"All the families of the earth" are to be blessed through אברהם through his intellectual/spiritual legacy - this is not limited to his biological descendants. The רמב"ם discusses this idea in one of his תשובות to עובדיה הגר, Ovadia the Proselyte (here is a link to the complete תשובה)
פריימן, הוצאת "מקיצי נרדמים", התרצ"ד, סימן מב
...נמצא שאברהם אבינו ע"ה הוא אב לזרעו הכשרים ההולכים בדרכיו ואב לתלמידיו וכל גר שיתגייר. לפיכך יש לך לומר "אלוקינו ואלוקי אבותינו", שאברהם ע"ה הוא אביך. ויש לך לומר "שהנחלת את אבותינו", שלאברהם ניתנה הארץ, שנאמר "קום התהלך בארץ לארכה ולרחבה, כי לך אתננה" (בראשית יג,יז)
Avraham, our father, is the father of his uncorrupted children who follow his ways. He is the father to his students and to every convert. Therefore, in your prayers you should say, "Our G' and the G' of our forefathers", because Avraham is your [referring to Ovadia] father. You should also say (in the Birkat HaMazon), "Who caused your forefathers to inherit...", because the land was given to Avraham, as it says, "Get up, traverse the land by its length and width, for I give it to you." (B'reishit 13:17).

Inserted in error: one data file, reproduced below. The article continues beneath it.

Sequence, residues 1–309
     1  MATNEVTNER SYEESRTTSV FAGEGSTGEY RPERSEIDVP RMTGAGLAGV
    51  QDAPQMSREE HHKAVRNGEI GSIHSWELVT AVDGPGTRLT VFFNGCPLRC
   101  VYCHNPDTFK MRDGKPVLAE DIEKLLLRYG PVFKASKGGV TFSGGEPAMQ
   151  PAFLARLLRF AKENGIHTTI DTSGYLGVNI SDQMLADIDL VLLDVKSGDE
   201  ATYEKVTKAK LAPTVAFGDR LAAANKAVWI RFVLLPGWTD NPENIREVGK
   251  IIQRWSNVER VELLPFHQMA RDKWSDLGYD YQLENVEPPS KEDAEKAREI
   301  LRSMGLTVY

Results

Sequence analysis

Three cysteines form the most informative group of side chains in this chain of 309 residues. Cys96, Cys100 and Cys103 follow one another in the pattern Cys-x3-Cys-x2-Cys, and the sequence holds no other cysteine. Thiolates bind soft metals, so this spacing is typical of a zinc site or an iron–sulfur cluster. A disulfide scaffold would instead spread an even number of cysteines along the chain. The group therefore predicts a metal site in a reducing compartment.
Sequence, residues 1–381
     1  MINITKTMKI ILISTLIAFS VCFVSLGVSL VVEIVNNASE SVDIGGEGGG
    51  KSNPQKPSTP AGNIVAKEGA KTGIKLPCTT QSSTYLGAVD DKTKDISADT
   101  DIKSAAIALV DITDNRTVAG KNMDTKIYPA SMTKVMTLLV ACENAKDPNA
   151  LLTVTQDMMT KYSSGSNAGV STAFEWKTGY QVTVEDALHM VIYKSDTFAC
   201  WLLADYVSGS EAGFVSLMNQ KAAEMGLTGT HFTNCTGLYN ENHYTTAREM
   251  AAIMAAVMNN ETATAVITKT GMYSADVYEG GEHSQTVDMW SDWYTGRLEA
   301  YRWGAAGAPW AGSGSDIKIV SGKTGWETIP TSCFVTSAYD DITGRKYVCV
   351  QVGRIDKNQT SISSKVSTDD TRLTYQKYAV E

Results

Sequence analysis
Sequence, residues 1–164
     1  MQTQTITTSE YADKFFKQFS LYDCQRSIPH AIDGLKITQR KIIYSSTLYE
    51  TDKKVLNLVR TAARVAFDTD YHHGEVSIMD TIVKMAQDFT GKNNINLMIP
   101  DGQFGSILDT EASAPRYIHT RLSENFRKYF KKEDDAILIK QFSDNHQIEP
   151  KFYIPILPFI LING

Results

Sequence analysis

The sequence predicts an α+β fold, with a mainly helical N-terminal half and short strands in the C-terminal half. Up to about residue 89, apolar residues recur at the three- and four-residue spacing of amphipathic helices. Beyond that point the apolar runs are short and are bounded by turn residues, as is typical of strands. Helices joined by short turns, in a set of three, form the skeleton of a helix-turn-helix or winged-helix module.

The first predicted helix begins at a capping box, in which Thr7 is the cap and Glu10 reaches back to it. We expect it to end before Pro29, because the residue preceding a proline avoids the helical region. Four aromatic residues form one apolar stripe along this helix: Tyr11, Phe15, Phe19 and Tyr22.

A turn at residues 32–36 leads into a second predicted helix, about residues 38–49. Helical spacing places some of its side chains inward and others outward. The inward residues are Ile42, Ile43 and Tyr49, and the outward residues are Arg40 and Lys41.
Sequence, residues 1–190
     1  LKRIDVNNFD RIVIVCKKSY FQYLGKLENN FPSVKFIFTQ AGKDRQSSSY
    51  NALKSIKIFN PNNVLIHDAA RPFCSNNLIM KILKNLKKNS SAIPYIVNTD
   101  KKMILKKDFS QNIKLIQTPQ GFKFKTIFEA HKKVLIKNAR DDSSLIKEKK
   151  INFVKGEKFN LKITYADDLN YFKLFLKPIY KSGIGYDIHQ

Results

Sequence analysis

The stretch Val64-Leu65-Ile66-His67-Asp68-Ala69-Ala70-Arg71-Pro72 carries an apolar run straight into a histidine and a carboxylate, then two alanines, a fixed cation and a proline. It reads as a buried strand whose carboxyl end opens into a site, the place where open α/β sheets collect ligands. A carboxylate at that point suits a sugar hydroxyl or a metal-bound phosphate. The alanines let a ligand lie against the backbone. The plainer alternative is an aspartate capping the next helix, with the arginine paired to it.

1And in one case, "זה ספר תולדות אדם" (B'reishit 5:1).
2This possibility is suggested in the דעת מקרא.
3See, B'reishit 6:9, 10:1, 11:10, 11:27, 25:12, 25:19, 36:1, 36:9, 37:2. 2:4, the introduction to the story of Gan Eden and 5:1, the introduction to the genealogy of Adam down to Noach obviously can not bear this characteristic.
4It is not unusual for תולדות to begin even after all or some of an אב's children are mentioned - see, 5:1, 10:1, 11:10 and most notably, 6:9, 11:27 and 37:2.
5I use this term in its broader sense to include not only Yitzchak and Ya'akov, but also, Noach, Shem, Cham, Yefet, Terach and Yishmael and Eisav.